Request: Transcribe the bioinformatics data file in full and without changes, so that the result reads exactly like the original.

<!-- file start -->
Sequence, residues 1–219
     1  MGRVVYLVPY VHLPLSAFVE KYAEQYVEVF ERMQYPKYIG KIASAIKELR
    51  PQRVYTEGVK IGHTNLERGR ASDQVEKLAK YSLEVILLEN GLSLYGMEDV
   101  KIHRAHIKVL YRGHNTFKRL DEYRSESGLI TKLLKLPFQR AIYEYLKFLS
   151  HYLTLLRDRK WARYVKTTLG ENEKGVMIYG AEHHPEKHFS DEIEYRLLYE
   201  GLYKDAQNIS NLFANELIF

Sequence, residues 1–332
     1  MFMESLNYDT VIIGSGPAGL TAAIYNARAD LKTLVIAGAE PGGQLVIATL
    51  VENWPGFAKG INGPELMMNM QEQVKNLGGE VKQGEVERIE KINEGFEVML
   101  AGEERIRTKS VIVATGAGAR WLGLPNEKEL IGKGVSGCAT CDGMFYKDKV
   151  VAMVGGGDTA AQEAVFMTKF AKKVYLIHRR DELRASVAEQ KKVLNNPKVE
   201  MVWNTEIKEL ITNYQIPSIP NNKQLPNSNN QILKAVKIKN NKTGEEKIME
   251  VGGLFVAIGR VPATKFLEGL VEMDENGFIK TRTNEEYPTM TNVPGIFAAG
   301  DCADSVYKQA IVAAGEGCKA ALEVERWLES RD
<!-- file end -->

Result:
Sequence, residues 1–219
     1  MGRVVYLVPY VHLPLSAFVE KYAEQYVEVF ERMQYPKYIG KIASAIKELR
    51  PQRVYTEGVK IGHTNLERGR ASDQVEKLAK YSLEVILLEN GLSLYGMEDV
   101  KIHRAHIKVL YRGHNTFKRL DEYRSESGLI TKLLKLPFQR AIYEYLKFLS
   151  HYLTLLRDRK WARYVKTTLG ENEKGVMIYG AEHHPEKHFS DEIEYRLLYE
   201  GLYKDAQNIS NLFANELIF

Sequence, residues 1–332
     1  MFMESLNYDT VIIGSGPAGL TAAIYNARAD LKTLVIAGAE PGGQLVIATL
    51  VENWPGFAKG INGPELMMNM QEQVKNLGGE VKQGEVERIE KINEGFEVML
   101  AGEERIRTKS VIVATGAGAR WLGLPNEKEL IGKGVSGCAT CDGMFYKDKV
   151  VAMVGGGDTA AQEAVFMTKF AKKVYLIHRR DELRASVAEQ KKVLNNPKVE
   201  MVWNTEIKEL ITNYQIPSIP NNKQLPNSNN QILKAVKIKN NKTGEEKIME
   251  VGGLFVAIGR VPATKFLEGL VEMDENGFIK TRTNEEYPTM TNVPGIFAAG
   301  DCADSVYKQA IVAAGEGCKA ALEVERWLES RD